The Bruce Museum is currently running a significant exhibition of about 50 paintings by Alfred Sisley, scheduled through May 21st. The New York Times ran a full page article on the exhibit on February 3rd. The author, Jason Farago, described Sisley as the “Unheralded Impressionist.” Although Sisley was included in the first Impressionist inhibition in 1874 and showed with the leading Impressionist dealer, Paul Durand-Ruel, his “near-exclusive focus on landscape has meant that he now appears, fairly or unfairly, largely in the shadow of the big boys” like Monet. The Times article applauds the Bruce and the exhibit curator and Sisley scholar, MaryAnne Stevens, for this retrospective of an artist who “deserves greater attention.”
The exhibit has organized Sisley’s work into four groupings.
His Formative years: 1865 -1870
Sisley trained at the studio of Swiss artist Charles Gleyre, and that is where he met his future Impressionistic colleagues—Renoir and Monet. The first picture shown above, “Spring, Peasant under Trees in Bloom,” was painted during this time.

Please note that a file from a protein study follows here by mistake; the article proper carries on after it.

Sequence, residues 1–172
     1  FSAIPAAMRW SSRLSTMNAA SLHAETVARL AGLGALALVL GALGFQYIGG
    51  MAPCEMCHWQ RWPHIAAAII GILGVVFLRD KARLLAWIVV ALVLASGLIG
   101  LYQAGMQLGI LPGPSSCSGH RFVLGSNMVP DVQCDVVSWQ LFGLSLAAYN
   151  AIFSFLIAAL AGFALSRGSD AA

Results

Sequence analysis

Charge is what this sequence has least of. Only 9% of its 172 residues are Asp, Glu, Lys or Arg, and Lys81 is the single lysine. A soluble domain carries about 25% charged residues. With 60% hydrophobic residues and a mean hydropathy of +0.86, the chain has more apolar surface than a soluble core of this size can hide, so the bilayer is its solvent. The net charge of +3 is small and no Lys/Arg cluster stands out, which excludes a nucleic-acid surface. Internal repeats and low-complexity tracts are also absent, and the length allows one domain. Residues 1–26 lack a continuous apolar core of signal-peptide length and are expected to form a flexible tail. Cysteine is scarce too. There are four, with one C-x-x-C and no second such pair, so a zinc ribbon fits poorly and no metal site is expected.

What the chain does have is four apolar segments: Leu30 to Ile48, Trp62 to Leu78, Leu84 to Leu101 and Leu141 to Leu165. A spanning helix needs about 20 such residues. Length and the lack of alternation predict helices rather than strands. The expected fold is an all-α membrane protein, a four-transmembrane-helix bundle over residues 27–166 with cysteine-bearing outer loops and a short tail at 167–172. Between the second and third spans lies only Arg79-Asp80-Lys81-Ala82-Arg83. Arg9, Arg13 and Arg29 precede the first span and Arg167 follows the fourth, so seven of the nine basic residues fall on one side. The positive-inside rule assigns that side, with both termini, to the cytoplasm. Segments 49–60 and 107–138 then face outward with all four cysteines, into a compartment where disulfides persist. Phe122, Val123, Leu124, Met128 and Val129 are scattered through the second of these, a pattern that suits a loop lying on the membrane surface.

The Years of Impressionism: 1870-1877
During this time, Sisley worked closely with Renoir and Monet on paintings done in the area outside Paris. The second, third and fourth paintings shown are from this period (all from 1872): “The Grande Rue, Argenteuil,” “The Bridge at Villeneuve-la-Garenne,” and “The Route of Verrieres.”
The Years of Transition: 1877-1880
In 1879 Sisley tried to join the Paris Salon but was rejected. He began to focus on more industrial and commercial subjects and experimented with a “freer and more vigorous brushstroke” and a “more vivid palette” like the yellow and rust-red in “Sevres Railway Station” (1879).
The Years of Maturity: 1880-1899
Sisley’s works were not widely sought during his lifetime. In 1880 and until his death in 1899, a financially stretched Sisley moved to the Moret-sur-Loing area; the small town was less expensive than Paris, more tranquil and had interesting medieval architecture, which appears in the last painting above, “The Bridge at Moret” (1888).
For more information about the Bruce Museum and their exhibits, please visit their Website: brucemuseum.org